After Carlos Carrasco left Saturday’s game with the Detroit Tigers with a broken bone in his hand, The Plain Dealer’s Paul Hoynes wrote that the Cleveland Indians’ playoff chances ended before the post-season even began.

We aren’t going to get into whether or not the column was appropriate, nor are we going to discuss the reactions to the piece in the Tribe clubhouse.

We did want to analyze whether or not the Indians’ really do not have a chance once the post-season begins the first week in October.

Perhaps as little as five years ago, losing two starting pitchers from a team that leads the American League in ERA could have been a death blow to that squad’s World Series hopes.

But baseball has changed over the past few seasons, and in the playoffs, the bullpen is becoming more and more important as managers bring in one flamethrower after another to work one inning in October.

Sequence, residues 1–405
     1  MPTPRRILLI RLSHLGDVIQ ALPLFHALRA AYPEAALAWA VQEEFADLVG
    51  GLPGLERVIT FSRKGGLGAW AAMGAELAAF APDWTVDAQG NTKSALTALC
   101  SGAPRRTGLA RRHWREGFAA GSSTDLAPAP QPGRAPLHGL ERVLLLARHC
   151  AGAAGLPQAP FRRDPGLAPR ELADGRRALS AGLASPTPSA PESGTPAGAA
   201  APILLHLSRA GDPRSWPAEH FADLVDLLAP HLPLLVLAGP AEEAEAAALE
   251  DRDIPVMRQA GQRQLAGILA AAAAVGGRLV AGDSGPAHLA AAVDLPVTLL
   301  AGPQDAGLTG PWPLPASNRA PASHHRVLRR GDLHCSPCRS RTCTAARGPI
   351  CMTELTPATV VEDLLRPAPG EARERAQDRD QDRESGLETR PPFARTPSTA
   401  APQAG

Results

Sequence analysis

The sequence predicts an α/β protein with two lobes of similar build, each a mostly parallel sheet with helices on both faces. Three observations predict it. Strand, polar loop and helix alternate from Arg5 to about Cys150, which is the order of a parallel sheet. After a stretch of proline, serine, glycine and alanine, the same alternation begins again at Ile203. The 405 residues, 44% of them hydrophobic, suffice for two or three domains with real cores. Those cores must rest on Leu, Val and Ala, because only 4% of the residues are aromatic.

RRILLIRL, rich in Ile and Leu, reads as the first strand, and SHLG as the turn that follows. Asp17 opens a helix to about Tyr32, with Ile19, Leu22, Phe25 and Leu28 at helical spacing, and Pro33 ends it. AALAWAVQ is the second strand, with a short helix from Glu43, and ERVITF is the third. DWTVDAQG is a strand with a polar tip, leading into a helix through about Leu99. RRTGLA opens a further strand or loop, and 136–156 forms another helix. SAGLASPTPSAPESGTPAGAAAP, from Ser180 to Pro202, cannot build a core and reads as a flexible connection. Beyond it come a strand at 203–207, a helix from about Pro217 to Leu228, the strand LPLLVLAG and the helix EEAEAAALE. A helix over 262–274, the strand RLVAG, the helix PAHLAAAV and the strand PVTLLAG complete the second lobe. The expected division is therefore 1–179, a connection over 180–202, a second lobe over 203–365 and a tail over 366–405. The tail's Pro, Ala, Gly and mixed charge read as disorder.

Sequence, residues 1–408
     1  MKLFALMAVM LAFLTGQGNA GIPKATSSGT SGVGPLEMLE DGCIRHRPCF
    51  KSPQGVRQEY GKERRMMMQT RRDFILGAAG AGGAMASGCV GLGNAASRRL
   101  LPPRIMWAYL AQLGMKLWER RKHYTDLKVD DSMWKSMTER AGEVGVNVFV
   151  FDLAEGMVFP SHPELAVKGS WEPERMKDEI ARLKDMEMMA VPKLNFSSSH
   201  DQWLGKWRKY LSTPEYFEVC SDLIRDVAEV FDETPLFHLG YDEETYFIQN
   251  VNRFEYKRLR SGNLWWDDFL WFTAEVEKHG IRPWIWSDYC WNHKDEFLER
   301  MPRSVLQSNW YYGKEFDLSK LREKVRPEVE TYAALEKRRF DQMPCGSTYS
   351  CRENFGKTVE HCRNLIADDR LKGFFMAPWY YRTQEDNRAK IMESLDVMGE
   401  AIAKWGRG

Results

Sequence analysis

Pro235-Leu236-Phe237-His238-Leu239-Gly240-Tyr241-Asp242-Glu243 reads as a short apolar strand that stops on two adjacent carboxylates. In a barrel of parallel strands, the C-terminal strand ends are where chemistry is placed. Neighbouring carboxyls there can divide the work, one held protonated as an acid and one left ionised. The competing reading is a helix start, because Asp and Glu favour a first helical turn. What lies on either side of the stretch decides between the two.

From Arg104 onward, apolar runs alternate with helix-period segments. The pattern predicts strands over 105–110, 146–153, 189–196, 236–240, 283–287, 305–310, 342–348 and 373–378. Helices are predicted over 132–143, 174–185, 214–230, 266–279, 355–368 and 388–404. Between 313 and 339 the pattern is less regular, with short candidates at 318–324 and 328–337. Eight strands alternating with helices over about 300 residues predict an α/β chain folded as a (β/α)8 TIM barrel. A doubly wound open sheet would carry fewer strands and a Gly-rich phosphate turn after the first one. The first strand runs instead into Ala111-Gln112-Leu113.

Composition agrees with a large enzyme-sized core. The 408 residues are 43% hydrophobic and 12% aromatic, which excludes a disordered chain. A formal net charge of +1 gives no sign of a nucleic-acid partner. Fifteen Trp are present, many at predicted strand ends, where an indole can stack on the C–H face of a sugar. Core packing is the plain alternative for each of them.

Certainly, the Tribe will need its ace, Corey Kluber, to give them a lot of innings in the games he starts, much like Madison Bumgarner does for the Giants.  Terry Francona will need Kluber to go deep in games, because he will lean on his bullpen heavily in the games he doesn’t start.

From there on out, Francona will be happy with at least five innings from his starting pitchers and then he will turn the game over to his bullpen where he can pull a page out of Joe Torre’s book and ask his three best relief pitchers, Bryan Shaw, Cody Allen, and Andrew Miller, to give him four outs each instead of the three he usually asks for in the regular season.

Trevor Bauer would probably be the game two starter, and if he is throwing strikes, could be another guy who can soak up some innings.  For all of Bauer’s inconsistency, especially after the all star break, when he is on, he can be dominant.

Our guess is if the other two starters, Josh Tomlin and Mike Clevinger, can give Tito four solid innings, the skipper will be satisfied.

That’s because the post-season roster will have either eight or nine bullpen options, depending on what Francona feels comfortable with.